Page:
Future sanctions for Columbia’s Title I schools could include the federal government replacing staff, changing curriculum and taking control of the school; all public schools nationwide have until 2014 to reach 100 percent grade-level proficiency.
But the sanctions, such as school transfers, could have unintended consequences, said Sally Beth Lyon, chief academic officer for the district. It could increase the size of classes at schools receiving the transfer students, as has happened this year at Ridgeway and Two Mile Prairie elementary schools.
Jensen said that in the past, he tried to keep class sizes at a “desirable” level suggested by the state. However, for school choice transfers, he is not allowed to deny an NCLB transfer because of class size or any other reason. If the district refuses such a transfer, it would lose all $3.7 million in Title I funding received for 2009.
Two Mile Prairie exceeded the state-suggested “maximum” class size limit this year in kindergarten and hits that limit in other grades. Ridgeway, a magnet school where students must apply to enroll, also hits the maximum in some grades.
The transfers also could lead to more economic segregation between schools, Lyon said.
“By that I mean that if the students whose families choose to transfer are more affluent, that would leave some schools with higher proportions of students in poverty at the ‘transferred from’ schools and higher affluence at the schools to which students transfer,” she said.
Getting to school
An NCLB transfer must be made at the start of the school year, shortly after Missouri’s test scores are released. The timing is rough on schools, parent and administrators.
Chapin encourages other parents to transfer if they want to. “I honestly think if you can make your school better where you’re at, you should definitely go for it,” she said. “I just couldn’t.”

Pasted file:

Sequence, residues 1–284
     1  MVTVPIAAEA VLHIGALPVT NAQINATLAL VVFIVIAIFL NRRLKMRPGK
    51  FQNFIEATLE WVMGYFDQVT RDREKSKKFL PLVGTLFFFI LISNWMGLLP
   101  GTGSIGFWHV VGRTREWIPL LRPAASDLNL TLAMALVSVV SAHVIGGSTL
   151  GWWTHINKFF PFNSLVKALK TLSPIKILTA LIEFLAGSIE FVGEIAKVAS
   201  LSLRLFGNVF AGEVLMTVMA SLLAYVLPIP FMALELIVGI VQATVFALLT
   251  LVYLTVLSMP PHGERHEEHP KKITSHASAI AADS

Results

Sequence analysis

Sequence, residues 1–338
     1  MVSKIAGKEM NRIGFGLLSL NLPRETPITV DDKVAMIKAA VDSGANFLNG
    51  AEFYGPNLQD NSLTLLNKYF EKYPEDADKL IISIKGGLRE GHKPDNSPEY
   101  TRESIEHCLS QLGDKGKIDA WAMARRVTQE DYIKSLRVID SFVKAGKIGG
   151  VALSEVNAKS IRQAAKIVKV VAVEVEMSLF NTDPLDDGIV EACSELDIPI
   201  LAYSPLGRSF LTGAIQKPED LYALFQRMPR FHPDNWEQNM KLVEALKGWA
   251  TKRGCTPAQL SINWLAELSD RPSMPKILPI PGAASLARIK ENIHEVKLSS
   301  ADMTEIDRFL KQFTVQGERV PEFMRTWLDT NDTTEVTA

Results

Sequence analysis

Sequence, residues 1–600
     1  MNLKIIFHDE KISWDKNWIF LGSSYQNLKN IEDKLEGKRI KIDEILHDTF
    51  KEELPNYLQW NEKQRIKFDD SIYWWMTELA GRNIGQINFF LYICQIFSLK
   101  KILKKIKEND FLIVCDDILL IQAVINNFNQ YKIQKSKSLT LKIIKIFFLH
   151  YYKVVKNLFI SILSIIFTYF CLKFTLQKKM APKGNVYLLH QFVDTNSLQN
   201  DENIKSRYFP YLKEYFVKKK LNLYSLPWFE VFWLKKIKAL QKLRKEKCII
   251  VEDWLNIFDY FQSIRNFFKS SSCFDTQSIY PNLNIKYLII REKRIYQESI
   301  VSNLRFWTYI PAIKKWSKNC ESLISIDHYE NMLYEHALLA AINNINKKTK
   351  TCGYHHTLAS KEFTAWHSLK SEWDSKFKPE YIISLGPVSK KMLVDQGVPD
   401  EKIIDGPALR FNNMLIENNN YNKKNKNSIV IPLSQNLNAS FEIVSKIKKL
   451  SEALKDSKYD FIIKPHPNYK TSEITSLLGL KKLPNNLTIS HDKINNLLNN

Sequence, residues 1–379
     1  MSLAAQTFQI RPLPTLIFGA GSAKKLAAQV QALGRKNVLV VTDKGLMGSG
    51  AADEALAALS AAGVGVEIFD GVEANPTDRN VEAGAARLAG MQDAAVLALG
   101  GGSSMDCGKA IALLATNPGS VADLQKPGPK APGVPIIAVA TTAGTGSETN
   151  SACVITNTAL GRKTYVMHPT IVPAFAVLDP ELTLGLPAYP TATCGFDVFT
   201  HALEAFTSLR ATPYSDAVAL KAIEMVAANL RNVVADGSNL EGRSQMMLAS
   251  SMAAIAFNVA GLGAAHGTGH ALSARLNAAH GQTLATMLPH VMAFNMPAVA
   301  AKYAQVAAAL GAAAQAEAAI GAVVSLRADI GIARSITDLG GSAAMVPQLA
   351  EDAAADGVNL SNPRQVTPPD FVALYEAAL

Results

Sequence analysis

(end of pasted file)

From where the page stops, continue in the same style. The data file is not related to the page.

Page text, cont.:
One consequence affects life outside of the classroom. Chapin’s family lives in the Vanderveen subdivision, where most children go to Parkade or have transferred to private schools, Fairview, Grant or other schools that made AYP. She and her husband have built a network of friends, but she wishes her kids could play with classmates in their own neighborhood.
Chapin, who has a younger son at Fairview and an older daughter at Rock Bridge High School, wishes she felt comfortable leaving her children at Parkade. “(Shelby) could be playing with people who live on our street,” Chapin said.
Chapin chooses to drive her three children to school, but transfer students receive bus transportation if they want it. Columbia is required to spend at least 20 percent of its Title I budget on transportation for school choice, supplementary education services and professional development. Of that, the district is using $256,000, well above the minimum of 5 percent that must be spent on transportation for the students who transfer schools.
Both Two Mile Prairie and Midway Heights elementary schools sit outside of the city. Some transferred students now ride the bus for almost an hour to and from school, district transportation director Blake Tekotte said. Columbia added six bus routes this year and one last year because of the transfers.
But if a school accepts transfers one year then falls below AYP the next year, students lose that transportation.
“We had people transfer into Shepard last year that now, because they did not make it, we cannot pay for their transportation,” Jensen said. “So they now have that hard decision of, ‘Do I leave my child at Shepard, do I transfer my child back to their home school or do I maybe apply to a transfer to another school that made it?”
Subgroups hold sway
Amy Watkins, in her second year as principal of Parkade Elementary School, saw the biggest number of students leave their home school for schools that met AYP this year.
“Our teachers have already formed strong bonds with our students and it’s hard to not take that personally,” she said.
But changes are under way, including implementation of a new reading program, “Literacy by Design,” meant to help students with different abilities achieve on the same level. However, to avoid further sanctions, the school must meet next year’s AYPs of 67.4 percent of students at grade-level proficiency in communication arts and 63.3 percent in mathematics.
The NCLB act drew attention to achievement gaps among students through its measurement of subgroups. Each school is divided into subgroups that classify students into categories of racial and ethnic identity, free or reduced lunch, students with individual educations plans and students with limited English proficiency.